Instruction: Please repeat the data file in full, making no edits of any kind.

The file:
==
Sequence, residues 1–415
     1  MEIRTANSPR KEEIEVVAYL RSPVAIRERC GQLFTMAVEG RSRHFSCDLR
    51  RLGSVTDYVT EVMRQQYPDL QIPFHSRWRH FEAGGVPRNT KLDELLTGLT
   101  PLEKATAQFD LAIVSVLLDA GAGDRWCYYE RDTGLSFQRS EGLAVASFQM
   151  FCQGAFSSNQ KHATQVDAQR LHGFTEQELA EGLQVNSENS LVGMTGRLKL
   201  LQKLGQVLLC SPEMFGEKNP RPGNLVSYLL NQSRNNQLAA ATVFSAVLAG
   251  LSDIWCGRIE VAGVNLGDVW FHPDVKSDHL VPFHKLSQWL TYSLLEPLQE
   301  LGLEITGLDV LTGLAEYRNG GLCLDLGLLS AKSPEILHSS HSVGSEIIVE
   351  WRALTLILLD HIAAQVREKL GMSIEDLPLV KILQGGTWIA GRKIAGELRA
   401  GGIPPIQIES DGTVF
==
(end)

Sequence, residues 1–415
     1  MEIRTANSPR KEEIEVVAYL RSPVAIRERC GQLFTMAVEG RSRHFSCDLR
    51  RLGSVTDYVT EVMRQQYPDL QIPFHSRWRH FEAGGVPRNT KLDELLTGLT
   101  PLEKATAQFD LAIVSVLLDA GAGDRWCYYE RDTGLSFQRS EGLAVASFQM
   151  FCQGAFSSNQ KHATQVDAQR LHGFTEQELA EGLQVNSENS LVGMTGRLKL
   201  LQKLGQVLLC SPEMFGEKNP RPGNLVSYLL NQSRNNQLAA ATVFSAVLAG
   251  LSDIWCGRIE VAGVNLGDVW FHPDVKSDHL VPFHKLSQWL TYSLLEPLQE
   301  LGLEITGLDV LTGLAEYRNG GLCLDLGLLS AKSPEILHSS HSVGSEIIVE
   351  WRALTLILLD HIAAQVREKL GMSIEDLPLV KILQGGTWIA GRKIAGELRA
   401  GGIPPIQIES DGTVF